To be honest, I don’t remember much about the quality of Space Quest IV’s puzzles. What I do remember is how varied and vibrant its universe seemed, with harsh alien worlds, moody cantinas, and glitzy space-malls. But what really knocked my socks off about the game was how meta it was. After progressing a bit through Space Quest IV: Roger Wilco and the Time Rippers itself, poor Roger finds himself flung into (the non-existent) Space Quest XII: Vohaul’s Revenge II.

Screenshot: Sierra Entertainment
Screenshot: Sierra Entertainment

Today, it’s not so uncommon for games to break the fourth wall and wink knowingly at the player about being video games, to play with conventions in ways both tired and inspired. But wow, was this exciting for me in 1991! The game also sees you venturing into Space Quest X: Latex Babes of Estros (an obvious riff on the 1986 Infocom adventure Leather Goddesses of Phobos) and all the way back to the original Space Quest, which already looked humorously primitive and pixelated compared to 1991’s state-of-the-art graphics, making high(er)-definition Roger Wilco all the more conspicuous.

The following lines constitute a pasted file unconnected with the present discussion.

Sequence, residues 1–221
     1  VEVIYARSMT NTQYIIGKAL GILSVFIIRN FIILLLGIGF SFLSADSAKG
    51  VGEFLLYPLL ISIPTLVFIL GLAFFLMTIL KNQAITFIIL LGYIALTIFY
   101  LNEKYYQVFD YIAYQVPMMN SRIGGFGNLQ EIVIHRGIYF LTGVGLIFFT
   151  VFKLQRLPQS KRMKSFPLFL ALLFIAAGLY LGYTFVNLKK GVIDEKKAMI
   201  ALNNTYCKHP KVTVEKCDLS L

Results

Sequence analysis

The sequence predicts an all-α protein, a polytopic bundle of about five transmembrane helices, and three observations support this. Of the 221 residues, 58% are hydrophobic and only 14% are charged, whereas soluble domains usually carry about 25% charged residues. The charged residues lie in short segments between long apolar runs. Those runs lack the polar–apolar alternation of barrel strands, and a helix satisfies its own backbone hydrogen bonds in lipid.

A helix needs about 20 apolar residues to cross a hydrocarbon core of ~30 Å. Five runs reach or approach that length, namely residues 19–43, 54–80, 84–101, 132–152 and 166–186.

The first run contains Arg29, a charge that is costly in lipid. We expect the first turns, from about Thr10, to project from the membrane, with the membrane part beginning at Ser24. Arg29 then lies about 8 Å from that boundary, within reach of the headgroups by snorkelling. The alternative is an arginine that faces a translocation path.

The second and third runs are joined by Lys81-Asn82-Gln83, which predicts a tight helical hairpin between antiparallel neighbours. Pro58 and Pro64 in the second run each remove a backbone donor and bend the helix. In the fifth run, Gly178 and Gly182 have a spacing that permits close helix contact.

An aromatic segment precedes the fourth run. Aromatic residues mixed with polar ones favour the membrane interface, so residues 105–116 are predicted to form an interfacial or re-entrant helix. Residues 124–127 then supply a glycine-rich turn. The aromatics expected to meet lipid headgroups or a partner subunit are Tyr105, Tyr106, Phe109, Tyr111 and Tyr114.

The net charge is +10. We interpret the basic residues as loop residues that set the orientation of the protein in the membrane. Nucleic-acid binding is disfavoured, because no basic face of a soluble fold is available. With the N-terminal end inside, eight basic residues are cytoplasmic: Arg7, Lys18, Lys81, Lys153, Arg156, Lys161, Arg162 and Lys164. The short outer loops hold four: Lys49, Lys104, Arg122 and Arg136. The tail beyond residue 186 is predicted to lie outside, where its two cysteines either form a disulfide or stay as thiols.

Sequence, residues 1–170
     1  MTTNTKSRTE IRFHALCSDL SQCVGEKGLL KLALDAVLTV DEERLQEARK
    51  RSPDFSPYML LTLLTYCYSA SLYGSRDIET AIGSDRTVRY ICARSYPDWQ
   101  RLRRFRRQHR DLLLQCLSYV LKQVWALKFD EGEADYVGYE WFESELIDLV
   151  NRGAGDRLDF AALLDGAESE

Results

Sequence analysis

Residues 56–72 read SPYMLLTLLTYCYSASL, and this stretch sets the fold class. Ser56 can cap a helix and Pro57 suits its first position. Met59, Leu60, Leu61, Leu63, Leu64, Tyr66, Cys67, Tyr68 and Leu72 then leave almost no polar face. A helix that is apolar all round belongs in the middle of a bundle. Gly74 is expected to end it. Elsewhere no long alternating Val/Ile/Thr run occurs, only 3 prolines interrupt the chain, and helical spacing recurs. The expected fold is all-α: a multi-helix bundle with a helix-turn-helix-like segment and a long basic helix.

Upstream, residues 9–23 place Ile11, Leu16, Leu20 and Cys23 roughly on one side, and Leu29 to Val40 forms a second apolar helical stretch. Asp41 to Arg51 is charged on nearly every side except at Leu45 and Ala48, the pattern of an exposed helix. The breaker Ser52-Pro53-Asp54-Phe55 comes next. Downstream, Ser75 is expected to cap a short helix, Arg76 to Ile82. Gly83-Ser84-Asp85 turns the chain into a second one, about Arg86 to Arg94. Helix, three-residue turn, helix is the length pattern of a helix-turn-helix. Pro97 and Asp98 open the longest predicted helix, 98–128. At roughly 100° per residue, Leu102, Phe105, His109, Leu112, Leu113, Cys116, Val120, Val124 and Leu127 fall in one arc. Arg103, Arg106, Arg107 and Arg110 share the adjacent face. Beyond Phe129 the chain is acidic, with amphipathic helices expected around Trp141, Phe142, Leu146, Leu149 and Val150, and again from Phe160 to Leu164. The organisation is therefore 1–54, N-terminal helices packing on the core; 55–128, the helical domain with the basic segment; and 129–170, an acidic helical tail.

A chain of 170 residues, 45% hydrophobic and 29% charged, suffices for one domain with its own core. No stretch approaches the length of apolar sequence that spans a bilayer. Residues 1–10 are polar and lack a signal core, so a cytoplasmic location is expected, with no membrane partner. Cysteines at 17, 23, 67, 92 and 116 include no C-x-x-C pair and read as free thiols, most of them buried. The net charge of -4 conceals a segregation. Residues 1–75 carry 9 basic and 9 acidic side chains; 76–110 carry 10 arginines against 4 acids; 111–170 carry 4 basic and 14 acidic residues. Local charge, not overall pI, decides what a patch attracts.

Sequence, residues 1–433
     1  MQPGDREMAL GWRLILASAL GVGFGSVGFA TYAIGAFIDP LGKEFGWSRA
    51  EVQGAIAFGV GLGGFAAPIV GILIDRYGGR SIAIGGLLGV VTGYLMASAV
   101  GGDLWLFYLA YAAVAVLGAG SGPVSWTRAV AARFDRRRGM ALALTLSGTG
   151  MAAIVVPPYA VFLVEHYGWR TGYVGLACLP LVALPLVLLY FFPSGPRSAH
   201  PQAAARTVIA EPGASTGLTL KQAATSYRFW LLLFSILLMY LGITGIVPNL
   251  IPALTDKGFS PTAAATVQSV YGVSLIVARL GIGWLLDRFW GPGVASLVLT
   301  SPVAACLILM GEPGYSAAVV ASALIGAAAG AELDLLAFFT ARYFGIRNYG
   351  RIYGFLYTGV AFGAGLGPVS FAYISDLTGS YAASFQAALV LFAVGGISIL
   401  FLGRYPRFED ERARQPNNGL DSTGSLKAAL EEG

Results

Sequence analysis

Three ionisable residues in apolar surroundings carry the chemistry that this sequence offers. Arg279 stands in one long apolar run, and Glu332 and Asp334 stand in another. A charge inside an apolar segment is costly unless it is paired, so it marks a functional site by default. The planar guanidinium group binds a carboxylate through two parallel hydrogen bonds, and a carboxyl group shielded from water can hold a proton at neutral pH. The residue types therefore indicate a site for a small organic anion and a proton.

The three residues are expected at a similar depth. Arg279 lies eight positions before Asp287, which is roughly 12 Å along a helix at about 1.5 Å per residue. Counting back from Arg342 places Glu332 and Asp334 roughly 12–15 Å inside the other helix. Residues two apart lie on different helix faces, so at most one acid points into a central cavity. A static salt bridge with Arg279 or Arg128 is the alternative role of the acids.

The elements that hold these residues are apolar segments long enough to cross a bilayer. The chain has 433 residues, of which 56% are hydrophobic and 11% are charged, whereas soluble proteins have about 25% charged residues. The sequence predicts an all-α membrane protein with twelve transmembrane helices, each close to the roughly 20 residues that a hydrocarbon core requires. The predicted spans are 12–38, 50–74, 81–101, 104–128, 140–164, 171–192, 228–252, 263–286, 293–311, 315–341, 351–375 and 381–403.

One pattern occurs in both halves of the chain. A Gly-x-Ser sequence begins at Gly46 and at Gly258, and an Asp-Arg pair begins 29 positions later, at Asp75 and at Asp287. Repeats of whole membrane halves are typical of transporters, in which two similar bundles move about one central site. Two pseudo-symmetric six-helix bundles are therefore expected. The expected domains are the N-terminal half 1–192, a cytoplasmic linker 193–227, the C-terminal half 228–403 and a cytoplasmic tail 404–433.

Screenshot: Sierra Entertainment
Screenshot: Sierra Entertainment

Space Quest IV may or may not be a great game, I honestly don’t remember well enough to say. I just remember sitting there on my Christmas break, awestruck by the clever meta-ness of it all, and having my mind expanded about the possibilities of what video game storytelling and structure could do.

Carolyn Petit, Managing Editor

The wrong Metal Gear game

This was the one Claire wanted. (Screenshot: Konami / Kotaku)
This was the one Claire wanted. (Screenshot: Konami / Kotaku)